“Set Complét. 'A complete set!' That’s one of the most Israeli things to say. It's like hummus, chips and salad that are always together,” Moshkovitz adds. “It is something that comes from the Israeli shopping experience. It sounds common and maybe a bit ridiculous, but that’s where the [brand] name and the vision came from. We hope, of course, that from within this whole package, everyone will be able to find whatever is accessible to them.”

Fuhrer, fidgeting with restrained restlessness in her chair, can no longer keep from expressing her displeasure over the flawed way the term is pronounced in Hebrew.

Photo by Merav Ben-Loulou

Godfather Givenchy

Fuhrer speaks little about her family, but her Instagram page contains some photographs from the past. There is one of herself as an infant just several days old, cradled in her father’s arms, in a white outfit designed for her by the famous French fashion designer Hubert de Givenchy, who is one of Fuhrer's godfathers (“That’s my first and last item of haute couture,” she comments).

There is also a current photo of herself next to Givenchy and his partner, Philippe Venet, also well known in France’s haute-couture circles, during a visit to Paris, plus an old picture of her parents with Mick Jagger at her father’s 40th birthday party.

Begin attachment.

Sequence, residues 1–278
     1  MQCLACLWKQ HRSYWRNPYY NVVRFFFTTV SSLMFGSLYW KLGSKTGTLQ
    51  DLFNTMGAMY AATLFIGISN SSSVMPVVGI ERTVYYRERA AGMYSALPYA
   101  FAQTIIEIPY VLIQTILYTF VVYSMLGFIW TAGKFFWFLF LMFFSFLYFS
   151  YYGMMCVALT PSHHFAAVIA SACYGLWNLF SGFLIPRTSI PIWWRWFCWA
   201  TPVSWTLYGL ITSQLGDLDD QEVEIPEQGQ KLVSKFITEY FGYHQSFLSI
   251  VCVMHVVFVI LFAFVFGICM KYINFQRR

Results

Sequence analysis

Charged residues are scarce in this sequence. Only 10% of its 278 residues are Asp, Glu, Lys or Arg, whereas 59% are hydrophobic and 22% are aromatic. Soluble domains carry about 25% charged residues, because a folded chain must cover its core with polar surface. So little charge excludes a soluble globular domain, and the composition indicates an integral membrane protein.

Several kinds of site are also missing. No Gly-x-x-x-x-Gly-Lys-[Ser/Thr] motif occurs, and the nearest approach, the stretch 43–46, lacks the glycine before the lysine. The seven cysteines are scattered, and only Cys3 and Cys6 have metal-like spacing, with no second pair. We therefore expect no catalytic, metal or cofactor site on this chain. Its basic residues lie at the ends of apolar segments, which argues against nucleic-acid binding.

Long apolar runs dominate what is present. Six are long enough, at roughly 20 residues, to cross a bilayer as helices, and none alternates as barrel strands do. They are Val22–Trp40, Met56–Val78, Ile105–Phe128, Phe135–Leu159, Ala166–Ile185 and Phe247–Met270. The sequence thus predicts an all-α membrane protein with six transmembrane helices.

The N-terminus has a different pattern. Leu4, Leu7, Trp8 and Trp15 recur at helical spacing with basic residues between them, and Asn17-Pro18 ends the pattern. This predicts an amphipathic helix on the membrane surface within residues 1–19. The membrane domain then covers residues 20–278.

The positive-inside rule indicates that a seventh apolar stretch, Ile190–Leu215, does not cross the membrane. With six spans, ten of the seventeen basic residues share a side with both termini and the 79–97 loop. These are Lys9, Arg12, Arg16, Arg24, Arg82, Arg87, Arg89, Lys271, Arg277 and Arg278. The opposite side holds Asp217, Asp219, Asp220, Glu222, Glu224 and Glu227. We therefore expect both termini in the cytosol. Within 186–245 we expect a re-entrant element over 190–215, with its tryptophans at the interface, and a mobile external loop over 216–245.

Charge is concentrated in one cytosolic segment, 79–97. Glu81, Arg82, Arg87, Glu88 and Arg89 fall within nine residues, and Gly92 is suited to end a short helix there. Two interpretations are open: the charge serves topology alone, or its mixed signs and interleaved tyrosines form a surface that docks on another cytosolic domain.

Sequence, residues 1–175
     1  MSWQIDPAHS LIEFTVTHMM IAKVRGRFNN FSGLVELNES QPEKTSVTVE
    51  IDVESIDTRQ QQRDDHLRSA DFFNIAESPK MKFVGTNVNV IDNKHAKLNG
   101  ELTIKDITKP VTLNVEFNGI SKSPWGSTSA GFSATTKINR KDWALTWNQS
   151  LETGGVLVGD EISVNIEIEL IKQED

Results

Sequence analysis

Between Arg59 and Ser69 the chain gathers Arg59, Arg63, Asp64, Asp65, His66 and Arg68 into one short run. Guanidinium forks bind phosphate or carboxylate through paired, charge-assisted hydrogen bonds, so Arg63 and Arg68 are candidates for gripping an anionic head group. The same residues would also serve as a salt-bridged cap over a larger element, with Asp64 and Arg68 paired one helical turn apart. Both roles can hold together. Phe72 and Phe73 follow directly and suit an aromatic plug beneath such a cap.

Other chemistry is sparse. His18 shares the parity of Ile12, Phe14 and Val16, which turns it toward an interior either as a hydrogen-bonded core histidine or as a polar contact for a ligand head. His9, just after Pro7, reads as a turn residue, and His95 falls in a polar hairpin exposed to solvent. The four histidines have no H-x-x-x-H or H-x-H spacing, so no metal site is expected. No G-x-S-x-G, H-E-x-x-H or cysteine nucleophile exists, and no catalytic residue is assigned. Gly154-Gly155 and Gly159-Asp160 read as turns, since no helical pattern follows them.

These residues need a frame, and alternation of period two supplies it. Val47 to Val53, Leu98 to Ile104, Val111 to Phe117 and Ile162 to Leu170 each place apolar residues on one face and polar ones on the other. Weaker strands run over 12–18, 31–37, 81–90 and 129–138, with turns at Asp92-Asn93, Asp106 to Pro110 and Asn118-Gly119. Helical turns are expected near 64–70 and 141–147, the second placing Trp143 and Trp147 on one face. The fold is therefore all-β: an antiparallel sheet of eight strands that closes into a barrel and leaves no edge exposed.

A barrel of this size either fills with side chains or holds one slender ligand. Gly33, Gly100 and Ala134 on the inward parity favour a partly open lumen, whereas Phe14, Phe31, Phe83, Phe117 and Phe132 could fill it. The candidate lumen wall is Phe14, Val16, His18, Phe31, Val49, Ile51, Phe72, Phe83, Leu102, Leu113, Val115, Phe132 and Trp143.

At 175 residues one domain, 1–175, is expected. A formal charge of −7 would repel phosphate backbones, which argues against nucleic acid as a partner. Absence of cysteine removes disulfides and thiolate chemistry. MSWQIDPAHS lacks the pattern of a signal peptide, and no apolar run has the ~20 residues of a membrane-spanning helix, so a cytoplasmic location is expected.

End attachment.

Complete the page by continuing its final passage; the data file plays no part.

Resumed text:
Photo by Merav Ben-Loulou

Unlike her father, Fuhrer does not want to nurture an image of herself as a foreigner.

“I’m very glad my parents decided to come back to Israel, and that I grew up here,” she says, enumerating experiences that have connected her to her Israeli identity, such as army service and completing a bachelor's degree in communications at the Interdisciplinary Center, Herzliya.

Fuhrer says that lately, she has become more attracted to bags that are well made and have an interesting design than to “a cool bag by some big designer that everyone goes around with at any given moment. My mother has all the 'hot' bags today — Birkin or Kelly bags by Hermes — but they’re all more than 30 years old. I prefer bags by independent French designers who work in their own ateliers and are not necessarily well-known names.”

Fuhrer and Moshkovitz, who have no interest in running a boutique, are growing their client base over the Internet. Their designs are sold in their online store, on the ArtSetters website and on the Hong Kong online shopping site Shop des Createurs. They are also trying to penetrate the American and European markets.

Photo by Merav Ben-Loulou

“We didn’t want to jump right into the water when we had no idea how deep it was,” Moshkovitz says. “Over the past year, we’ve built foundations that we can build upon in the future. It was very important to us to tailor our product in terms of quality, cut and of course pricing [prices range from 300 to 1,600 shekels], and to understand who our customer was.

"It’s one thing to start a brand and be talented, but that’s not necessarily the most important thing. Business management is the most important thing in a brand’s success.”